The debate over C-sections
The procedure has advantages as well as downsides. Science can help mothers decide what is best for them.
- More and more women in Europe are choosing C-sections even when the procedure is not necessary.
- A British study shows that caesareans can lead to future pregnancy complications for mothers and heightened risk of asthma or obesity for children.
Caesarean sections have become such a safe operation that many doctors and mothers are now choosing this option even when it is not strictly necessary. Health economist Agnès Couffinhal of the Organisation for Economic Co-operation and Development (OECD) in Paris notes that in Europe the average C-section rate has risen to 27.1%, despite 2015 World Health Organization data showing that rates above 10% do not help reduce deaths in childbirth. “The range is fascinating,” she says. “It goes from 16% in The Netherlands and Finland to a staggeringly high 57% in Cyprus”.
The reasons, according to Couffinhal, range from the biological – like the risks faced by older or overweight women – to the institutional. This includes the practice of defensive medicine – departing from normal procedures to avoid litigation – and the fact that some hospitals charge more for C-sections than natural deliveries.
There are also obvious advantages for the mother. Not only can she make an appointment for the birth of her child, but caesareans can reduce the risk of pain, potential injury to the vagina and subsequent bleeding. Often these short-term benefits trump the equally well documented disadvantages of C-sections, like the increased chance of a baby being admitted to neonatal intensive care, or very rare but serious complications for the mother.
A risk for pregnancy complications
Less well known until recently was how C-sections affected mothers and babies years after delivery. A new study led by Sarah Stock of the University of Edinburgh provides a host of factors expectant mothers and clinicians should weigh when considering a planned C-section. “Caesarean sections seem to protect women from developing pelvic floor problems,” Stock explains. “But they have a higher chance of not becoming pregnant again, and of future pregnancy complications.” The researchers also note that children born by caesarean are more likely to suffer from asthma and/or obesity in later years.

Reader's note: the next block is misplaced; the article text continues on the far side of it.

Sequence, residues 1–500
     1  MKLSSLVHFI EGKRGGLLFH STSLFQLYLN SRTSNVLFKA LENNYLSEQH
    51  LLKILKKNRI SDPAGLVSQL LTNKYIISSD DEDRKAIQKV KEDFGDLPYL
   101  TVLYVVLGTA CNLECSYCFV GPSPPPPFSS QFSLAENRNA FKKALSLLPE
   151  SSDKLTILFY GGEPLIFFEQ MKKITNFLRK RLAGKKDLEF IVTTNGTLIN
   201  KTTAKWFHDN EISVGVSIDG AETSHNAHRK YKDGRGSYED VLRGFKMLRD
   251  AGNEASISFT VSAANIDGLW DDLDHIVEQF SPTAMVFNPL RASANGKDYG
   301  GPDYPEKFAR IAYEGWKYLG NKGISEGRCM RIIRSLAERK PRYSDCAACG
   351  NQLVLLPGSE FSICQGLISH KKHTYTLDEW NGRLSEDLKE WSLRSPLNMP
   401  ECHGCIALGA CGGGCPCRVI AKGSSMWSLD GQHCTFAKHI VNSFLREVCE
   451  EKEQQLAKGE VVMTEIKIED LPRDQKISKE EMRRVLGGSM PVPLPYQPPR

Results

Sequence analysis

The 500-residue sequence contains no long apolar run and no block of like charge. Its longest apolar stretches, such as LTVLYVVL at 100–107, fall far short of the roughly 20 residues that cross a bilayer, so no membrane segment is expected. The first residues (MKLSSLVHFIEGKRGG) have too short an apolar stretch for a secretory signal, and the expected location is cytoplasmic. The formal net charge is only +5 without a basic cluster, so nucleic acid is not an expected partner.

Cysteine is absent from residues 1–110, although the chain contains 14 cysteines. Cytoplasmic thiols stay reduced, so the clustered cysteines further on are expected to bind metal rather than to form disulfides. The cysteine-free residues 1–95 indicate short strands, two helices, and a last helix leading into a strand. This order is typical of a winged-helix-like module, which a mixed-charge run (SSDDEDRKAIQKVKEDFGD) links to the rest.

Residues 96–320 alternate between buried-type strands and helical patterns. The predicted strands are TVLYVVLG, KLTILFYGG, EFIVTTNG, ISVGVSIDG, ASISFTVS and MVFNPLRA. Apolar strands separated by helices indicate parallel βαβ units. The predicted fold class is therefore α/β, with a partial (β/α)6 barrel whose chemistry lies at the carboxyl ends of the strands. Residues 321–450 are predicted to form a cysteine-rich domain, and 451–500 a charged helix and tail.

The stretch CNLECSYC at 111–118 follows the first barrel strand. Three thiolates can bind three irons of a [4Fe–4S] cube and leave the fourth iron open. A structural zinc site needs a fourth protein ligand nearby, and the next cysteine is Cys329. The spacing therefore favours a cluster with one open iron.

This has led some expectant mothers to try an increasingly popular procedure they hope will reduce their child’s risk: vaginal seeding. By placing a swab in the vagina just after C-section delivery and then pasting it over the baby’s mouth and eyes, the mother’s bacteria are transferred to the infant, creating a microbial community (or microbiome) similar to that of a baby born naturally. “There is some evidence you can modify these microbial communities,” explains Aubrey Cunnington of Imperial College London, co-author of an editorial in the British Medical Journal. “But there is no evidence that this modifies long-term outcomes.”
Furthermore, Cunnington warns that the seemingly simple procedure carries its own risks, as harmful bacteria like herpes simplex and Group B streptococcus may also be lurking in the vagina. “I am aware now of several cases where infections seem to have been transmitted by vaginal seeding,” he adds.
As with a planned C-section, vaginal seeding is an expectant mother’s choice. All science can do is ensure that the choice is informed.
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